Welsh government rejects presiding officer Butler's call for more AMs
The Welsh government says there is "no appetite" for more politicians after the assembly's presiding officer suggested increasing the number of AMs.
Rosemary Butler said she was in favour of having 80 AMs instead of the current 60.
She accepted there was no demand from voters for more politicians, especially at a time when the number of MPs was being cut.
But some councils have more members than the assembly, she said.
In a BBC Wales interview, she said: "I've always said there aren't enough Assembly Members, but we are where we are.
"I can't see an appetite outside for increasing the number of politicians. In fact they are reducing the number in parliament. We are losing MPs in Wales.
"It is tough and it is hard, but I have to make sure that systems are in place to allow the members to deal with the business that we have with the numbers that we do have."
Asked how many AMs she would like, she said: "Probably 80."
A Welsh government spokesman said: "We do not believe there is an appetite amongst the public for more politicians at this time."
There have been 60 AMs - 40 with first-past-the-post seats and 20 from electoral regions - since the outset of devolution in 1999.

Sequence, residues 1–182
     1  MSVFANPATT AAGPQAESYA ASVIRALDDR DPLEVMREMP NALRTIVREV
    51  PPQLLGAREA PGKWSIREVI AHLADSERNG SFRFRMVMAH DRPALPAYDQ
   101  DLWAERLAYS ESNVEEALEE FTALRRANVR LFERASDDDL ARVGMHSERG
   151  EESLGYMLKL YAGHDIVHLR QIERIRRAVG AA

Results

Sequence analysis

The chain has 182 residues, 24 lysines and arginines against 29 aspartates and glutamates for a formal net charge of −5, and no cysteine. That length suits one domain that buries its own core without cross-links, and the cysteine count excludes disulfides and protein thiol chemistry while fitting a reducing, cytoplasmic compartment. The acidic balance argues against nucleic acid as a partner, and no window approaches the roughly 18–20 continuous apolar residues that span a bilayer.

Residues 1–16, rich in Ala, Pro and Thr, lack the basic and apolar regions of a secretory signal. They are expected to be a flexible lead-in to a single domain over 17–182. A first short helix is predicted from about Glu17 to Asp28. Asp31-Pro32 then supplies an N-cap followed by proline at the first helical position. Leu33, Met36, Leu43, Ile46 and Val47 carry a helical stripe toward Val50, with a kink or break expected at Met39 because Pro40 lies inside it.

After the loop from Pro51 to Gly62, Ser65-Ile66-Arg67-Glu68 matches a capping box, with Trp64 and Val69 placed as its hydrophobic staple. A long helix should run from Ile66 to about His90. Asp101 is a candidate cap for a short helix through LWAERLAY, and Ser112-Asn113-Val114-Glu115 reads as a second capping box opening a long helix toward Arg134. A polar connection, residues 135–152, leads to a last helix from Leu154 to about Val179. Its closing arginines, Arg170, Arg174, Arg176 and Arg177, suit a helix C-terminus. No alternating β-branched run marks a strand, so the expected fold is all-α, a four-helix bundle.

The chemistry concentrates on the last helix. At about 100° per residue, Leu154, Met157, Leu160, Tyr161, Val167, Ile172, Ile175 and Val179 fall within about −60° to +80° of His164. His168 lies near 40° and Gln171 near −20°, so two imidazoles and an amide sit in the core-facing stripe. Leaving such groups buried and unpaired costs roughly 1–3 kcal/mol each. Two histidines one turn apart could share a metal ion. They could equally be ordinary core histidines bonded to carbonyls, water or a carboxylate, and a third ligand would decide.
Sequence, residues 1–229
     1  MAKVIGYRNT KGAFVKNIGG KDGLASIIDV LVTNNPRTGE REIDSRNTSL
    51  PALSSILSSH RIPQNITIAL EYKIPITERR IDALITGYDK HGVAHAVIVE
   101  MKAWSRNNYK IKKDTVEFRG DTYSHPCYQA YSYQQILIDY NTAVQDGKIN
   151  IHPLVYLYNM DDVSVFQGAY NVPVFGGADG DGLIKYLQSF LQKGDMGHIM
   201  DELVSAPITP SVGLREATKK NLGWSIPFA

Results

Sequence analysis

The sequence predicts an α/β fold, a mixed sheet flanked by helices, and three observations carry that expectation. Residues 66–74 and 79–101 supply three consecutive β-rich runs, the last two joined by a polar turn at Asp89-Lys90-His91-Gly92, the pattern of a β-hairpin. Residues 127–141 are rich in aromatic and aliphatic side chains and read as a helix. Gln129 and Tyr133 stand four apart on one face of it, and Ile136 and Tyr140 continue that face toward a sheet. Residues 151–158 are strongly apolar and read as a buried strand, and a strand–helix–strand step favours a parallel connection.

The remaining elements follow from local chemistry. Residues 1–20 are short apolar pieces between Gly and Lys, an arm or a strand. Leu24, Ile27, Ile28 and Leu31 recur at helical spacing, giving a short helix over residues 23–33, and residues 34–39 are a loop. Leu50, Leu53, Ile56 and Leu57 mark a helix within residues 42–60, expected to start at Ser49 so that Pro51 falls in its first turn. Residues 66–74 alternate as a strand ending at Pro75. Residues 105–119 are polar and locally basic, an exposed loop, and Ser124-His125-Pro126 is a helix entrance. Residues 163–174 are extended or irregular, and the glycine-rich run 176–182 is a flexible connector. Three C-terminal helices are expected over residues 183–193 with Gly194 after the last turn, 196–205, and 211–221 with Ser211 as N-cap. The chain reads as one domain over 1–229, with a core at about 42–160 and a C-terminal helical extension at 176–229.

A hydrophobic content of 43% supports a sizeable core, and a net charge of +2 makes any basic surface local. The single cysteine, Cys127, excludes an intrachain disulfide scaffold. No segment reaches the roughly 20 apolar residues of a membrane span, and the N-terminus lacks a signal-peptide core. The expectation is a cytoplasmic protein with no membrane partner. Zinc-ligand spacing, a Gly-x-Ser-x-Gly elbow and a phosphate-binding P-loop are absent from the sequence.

The Richard Commission into devolution recommended adding another 20 members in 2004.
Space for seats
There is space to install more seats for members in the Senedd chamber.
The presiding officer's comments risk dismaying opponents of boosting the assembly's law-making powers, who argued that a Yes vote in last year's referendum on the issue would pave the way to more AMs.
But Mrs Butler said No campaigners "don't believe in devolution full stop, whether you have 10 members or 110 members".
"If you take out the government it does reduce the number of members available to do the work quite considerably.
"I'm not saying we won't manage it, because we'll do it and we'll do it very well. But you ask me the question did I think there should be more assembly members, I think there should.
"Many of the city councils and county councils in Wales have far more members than we do and far less responsibility."